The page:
Uncovering Paracrine Strategies for Coordinating Population Responses Through Single-Cell Analysis

Friday, December 5, 2014 - 2:00pm
Fung Auditorium, Powell-Focht Bioengineering Hall
Kathryn Miller-Jensen, Ph.D.

Assistant Professor of Biomedical Engineering

Yale University

Uncovering Paracrine Strategies for Coordinating Population Responses Through Single-Cell Analysis


Cell responses are mediated by intermediate signals that are secreted and sensed by the same cells and are subject to significant cell-to-cell heterogeneity. The propagation of these intermediate signals by extracellular signaling impacts the collective cell-population response, but the contribution of autocrine versus paracrine signaling is difficult to analyze. To address this, we have combined multiplexed, microwell single-cell secretion measurements with cell-population data to uncover the role of paracrine signaling in shaping the inflammatory response in human macrophages following toll-like receptor 4 (TLR4) stimulation with lipopolysaccharide (LPS). We demonstrate that loss of paracrine signaling upon single-cell isolation in microwells significantly alters secretion of many LPS-stimulated cytokines. Graphical models of these single-cell “perturbation” data sets specifically uncover dependencies between cytokines in the LPS-stimulated network. Interestingly, tumor necrosis factor-α (TNF), the most highly connected cytokine in the network, exhibits highly heterogeneous secretion, such that a small fraction of cells appear to drive total TNF output in the cell population. Using a computational model fit to our single-cell data, we demonstrate that this small fraction of high secretors can amplify the population response for IL-6 in small cell groups. Overall, our results reveal a novel role for paracrine cell-to-cell communication in coordinating a rapid and reliable innate immune response in spite of underlying cell-to-cell heterogeneity.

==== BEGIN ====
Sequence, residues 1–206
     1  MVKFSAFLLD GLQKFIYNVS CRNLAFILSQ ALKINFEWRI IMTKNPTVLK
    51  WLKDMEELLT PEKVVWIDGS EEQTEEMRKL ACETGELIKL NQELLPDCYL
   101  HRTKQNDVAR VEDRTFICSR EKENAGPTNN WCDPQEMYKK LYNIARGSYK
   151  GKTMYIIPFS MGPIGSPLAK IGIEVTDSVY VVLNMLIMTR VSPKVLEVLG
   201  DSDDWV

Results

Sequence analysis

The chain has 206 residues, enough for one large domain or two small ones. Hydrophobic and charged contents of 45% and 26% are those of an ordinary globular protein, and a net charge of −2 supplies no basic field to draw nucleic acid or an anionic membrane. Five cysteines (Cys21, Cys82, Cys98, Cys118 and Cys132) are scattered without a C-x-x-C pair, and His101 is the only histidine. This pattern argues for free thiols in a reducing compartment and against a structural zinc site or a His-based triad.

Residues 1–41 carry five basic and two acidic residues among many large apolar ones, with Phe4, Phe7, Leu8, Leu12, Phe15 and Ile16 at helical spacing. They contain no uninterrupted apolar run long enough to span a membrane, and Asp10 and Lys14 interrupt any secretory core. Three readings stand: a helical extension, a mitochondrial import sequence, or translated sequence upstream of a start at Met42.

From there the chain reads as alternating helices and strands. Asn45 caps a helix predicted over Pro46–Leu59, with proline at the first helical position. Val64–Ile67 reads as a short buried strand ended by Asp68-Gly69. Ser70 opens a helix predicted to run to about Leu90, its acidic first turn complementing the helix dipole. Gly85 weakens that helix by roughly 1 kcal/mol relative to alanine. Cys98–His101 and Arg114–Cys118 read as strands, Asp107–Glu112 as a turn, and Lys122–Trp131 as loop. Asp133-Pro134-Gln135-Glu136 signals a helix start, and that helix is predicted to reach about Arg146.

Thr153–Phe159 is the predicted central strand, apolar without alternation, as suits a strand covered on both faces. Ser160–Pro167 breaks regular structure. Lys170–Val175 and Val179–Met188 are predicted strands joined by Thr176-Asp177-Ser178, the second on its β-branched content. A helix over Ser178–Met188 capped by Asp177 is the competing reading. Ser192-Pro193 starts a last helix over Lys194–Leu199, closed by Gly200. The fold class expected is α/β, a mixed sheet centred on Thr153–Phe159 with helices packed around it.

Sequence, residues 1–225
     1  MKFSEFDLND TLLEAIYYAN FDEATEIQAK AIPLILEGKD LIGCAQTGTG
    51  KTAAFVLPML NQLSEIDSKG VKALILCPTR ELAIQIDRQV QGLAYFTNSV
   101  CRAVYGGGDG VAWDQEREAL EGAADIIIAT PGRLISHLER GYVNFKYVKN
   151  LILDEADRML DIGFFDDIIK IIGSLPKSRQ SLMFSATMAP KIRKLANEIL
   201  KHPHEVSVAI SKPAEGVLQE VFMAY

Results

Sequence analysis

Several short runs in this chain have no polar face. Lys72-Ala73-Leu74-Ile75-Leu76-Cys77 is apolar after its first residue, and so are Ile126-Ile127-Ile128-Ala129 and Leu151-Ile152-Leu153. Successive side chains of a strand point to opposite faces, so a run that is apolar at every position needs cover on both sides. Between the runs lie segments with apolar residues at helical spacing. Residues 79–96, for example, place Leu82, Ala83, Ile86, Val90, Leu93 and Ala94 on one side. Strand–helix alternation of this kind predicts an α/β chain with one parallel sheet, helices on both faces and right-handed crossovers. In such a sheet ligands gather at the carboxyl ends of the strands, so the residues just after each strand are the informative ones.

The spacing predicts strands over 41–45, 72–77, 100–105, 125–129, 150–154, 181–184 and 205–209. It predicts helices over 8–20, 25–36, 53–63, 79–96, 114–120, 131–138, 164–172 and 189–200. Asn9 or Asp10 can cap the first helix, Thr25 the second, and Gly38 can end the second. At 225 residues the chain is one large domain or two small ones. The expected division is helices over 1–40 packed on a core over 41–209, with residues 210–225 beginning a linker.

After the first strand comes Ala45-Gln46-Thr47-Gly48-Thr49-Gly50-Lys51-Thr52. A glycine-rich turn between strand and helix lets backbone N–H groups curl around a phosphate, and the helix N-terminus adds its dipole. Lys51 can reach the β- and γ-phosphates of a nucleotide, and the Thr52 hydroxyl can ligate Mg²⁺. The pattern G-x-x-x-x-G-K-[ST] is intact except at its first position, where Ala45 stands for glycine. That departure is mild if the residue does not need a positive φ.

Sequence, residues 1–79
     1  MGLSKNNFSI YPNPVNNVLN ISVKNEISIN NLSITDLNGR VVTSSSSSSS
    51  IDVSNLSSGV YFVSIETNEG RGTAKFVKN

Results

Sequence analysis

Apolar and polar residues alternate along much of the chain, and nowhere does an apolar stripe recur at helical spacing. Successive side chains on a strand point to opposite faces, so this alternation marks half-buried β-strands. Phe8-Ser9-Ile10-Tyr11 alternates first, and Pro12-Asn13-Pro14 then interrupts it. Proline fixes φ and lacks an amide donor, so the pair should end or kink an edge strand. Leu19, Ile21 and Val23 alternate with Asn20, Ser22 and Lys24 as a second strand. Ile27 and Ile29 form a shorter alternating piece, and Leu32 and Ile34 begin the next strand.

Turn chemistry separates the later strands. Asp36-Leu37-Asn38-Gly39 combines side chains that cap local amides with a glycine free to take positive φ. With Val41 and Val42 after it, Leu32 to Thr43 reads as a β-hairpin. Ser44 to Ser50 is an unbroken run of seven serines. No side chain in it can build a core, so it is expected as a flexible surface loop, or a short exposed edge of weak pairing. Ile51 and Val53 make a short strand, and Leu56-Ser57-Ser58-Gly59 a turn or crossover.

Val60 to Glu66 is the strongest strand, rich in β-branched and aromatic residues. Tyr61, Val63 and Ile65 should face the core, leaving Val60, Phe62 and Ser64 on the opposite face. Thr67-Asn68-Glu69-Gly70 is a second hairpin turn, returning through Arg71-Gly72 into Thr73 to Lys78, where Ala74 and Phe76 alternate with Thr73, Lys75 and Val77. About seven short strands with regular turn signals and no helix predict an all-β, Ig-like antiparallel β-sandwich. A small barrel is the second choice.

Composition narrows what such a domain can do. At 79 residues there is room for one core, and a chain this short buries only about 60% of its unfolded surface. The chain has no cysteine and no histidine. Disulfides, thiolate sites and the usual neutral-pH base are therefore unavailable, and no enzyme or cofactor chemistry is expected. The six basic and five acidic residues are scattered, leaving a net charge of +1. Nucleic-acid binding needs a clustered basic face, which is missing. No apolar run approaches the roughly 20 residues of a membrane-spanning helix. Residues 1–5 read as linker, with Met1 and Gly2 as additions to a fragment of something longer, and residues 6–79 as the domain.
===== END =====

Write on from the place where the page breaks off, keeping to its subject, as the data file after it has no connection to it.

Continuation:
Kathryn Miller-Jensen is an Assistant Professor of Biomedical Engineering and Molecular, Cellular, and Developmental Biology at Yale University. Her lab uses experimental and computational approaches to study signaling and transcriptional regulation in response to pathogens, with a focus on activation of latent HIV, as well as innate immune signaling. Her lab is funded by the National Institutes of Health, the National Science Foundation, and the Bill and Melinda Gates Foundation. Kathryn was an NIH NSRA Postdoctoral Fellow at the University of California at Berkeley and she holds a Ph.D. in Chemical Engineering from the Massachusetts Institute of Technology and A.B. and B.E. degrees in Engineering Sciences from Dartmouth College. She is a member of the Biomedical Engineering Society and a former Christine Mirzayan Science and Technology Policy Fellow at the National Academies in Washington, DC.